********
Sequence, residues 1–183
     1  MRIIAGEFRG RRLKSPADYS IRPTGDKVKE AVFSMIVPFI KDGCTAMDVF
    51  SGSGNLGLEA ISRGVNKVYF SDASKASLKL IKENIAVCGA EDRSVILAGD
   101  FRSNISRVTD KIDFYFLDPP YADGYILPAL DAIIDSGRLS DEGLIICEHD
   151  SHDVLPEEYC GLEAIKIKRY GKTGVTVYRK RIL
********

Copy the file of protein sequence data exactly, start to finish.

Sequence, residues 1–183
     1  MRIIAGEFRG RRLKSPADYS IRPTGDKVKE AVFSMIVPFI KDGCTAMDVF
    51  SGSGNLGLEA ISRGVNKVYF SDASKASLKL IKENIAVCGA EDRSVILAGD
   101  FRSNISRVTD KIDFYFLDPP YADGYILPAL DAIIDSGRLS DEGLIICEHD
   151  SHDVLPEEYC GLEAIKIKRY GKTGVTVYRK RIL